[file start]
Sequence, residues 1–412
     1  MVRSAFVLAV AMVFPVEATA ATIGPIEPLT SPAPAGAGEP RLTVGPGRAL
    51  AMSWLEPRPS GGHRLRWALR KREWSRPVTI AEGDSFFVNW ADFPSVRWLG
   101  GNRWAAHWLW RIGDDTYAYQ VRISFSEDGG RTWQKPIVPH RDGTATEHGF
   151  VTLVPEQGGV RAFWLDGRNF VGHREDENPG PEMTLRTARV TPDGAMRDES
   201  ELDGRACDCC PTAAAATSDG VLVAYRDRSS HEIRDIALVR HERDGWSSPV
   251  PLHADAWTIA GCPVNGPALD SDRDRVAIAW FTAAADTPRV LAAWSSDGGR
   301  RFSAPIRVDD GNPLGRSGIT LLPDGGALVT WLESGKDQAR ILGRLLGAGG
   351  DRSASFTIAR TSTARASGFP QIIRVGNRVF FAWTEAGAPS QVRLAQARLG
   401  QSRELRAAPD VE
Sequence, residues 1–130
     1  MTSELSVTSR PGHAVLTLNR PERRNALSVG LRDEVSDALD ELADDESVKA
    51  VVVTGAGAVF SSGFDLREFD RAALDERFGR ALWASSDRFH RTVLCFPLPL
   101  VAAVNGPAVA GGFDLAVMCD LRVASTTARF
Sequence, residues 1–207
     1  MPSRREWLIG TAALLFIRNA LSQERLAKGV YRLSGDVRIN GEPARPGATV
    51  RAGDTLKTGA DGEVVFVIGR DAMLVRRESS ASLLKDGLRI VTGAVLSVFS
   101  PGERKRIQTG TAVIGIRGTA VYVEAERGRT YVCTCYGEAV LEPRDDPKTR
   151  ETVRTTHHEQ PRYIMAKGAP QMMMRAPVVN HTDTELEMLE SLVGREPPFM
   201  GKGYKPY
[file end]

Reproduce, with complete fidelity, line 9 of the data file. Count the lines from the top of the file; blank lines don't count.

   351  DRSASFTIAR TSTARASGFP QIIRVGNRVF FAWTEAGAPS QVRLAQARLG